Satellite catches moon crossing Earth
Here’s something you don’t see every day. It’s our moon, as seen from its far side, crossing the face of the Earth. A NASA camera aboard the Deep Space Climate Observatory (DSCOVR) satellite was conducting a series of test images when it captured this view of the moon in July, 2015.
NASA’s Earth Polychromatic Imaging Camera (EPIC), a four megapixel CCD camera and telescope on the DSCOVR satellite orbiting 1 million miles (1.6 million km) from Earth, created the images used to make this animation.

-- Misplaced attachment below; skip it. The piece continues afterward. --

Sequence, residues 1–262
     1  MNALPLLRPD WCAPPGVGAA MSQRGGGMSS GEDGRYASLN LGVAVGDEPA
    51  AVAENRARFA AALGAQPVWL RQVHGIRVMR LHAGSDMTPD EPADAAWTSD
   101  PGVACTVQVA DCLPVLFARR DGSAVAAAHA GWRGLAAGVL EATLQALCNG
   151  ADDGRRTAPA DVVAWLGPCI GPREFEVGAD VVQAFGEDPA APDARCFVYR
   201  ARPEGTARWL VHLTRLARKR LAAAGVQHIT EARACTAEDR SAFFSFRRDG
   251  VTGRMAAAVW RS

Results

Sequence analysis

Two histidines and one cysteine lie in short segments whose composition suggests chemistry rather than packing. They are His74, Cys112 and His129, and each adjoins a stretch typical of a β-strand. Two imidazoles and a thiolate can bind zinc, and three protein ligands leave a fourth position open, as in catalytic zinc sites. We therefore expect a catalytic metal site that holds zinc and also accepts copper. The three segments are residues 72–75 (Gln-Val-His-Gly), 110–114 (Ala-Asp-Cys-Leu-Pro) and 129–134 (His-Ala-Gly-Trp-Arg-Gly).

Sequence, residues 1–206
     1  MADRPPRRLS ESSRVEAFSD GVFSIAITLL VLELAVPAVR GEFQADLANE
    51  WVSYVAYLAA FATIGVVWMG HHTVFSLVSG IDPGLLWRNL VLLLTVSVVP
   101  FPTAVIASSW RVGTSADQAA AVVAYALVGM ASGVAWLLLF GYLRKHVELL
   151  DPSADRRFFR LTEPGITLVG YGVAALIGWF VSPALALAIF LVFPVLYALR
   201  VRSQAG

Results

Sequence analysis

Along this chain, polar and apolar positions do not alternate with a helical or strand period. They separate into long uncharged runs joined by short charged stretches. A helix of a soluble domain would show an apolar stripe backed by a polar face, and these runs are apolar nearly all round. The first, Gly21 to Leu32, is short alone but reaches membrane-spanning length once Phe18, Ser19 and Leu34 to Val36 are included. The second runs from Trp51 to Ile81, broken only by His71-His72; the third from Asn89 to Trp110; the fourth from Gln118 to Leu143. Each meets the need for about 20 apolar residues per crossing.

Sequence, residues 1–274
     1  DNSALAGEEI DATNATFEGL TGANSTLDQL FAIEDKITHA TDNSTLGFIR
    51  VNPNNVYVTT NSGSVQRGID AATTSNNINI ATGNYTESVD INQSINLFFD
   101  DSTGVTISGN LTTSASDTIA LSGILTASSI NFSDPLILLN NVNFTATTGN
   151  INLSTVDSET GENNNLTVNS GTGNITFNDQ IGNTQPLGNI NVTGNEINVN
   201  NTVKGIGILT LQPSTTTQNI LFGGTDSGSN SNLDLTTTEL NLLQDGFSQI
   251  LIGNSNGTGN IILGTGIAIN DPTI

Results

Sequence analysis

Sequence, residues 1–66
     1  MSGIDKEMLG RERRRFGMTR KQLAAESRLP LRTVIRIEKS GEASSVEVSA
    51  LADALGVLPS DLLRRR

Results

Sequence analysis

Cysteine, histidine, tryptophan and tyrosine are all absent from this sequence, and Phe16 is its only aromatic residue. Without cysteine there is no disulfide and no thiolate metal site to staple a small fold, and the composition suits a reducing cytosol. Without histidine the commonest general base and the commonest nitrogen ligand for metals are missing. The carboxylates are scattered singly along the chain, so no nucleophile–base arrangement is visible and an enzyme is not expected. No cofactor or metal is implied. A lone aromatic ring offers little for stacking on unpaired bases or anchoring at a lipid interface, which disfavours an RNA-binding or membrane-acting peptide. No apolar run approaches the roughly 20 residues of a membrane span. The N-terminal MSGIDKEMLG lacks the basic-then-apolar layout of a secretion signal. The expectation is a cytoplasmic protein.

From its position between the sun and Earth, DSCOVR conducts its primary mission of real-time solar wind monitoring for the National Oceanic and Atmospheric Administration (NOAA).
Bottom line: In July 2015 – while testing a spaceborne camera – a satellite caught images of the moon crossing the Earth’s face. The images show the moon’s far side, the side never seen from Earth.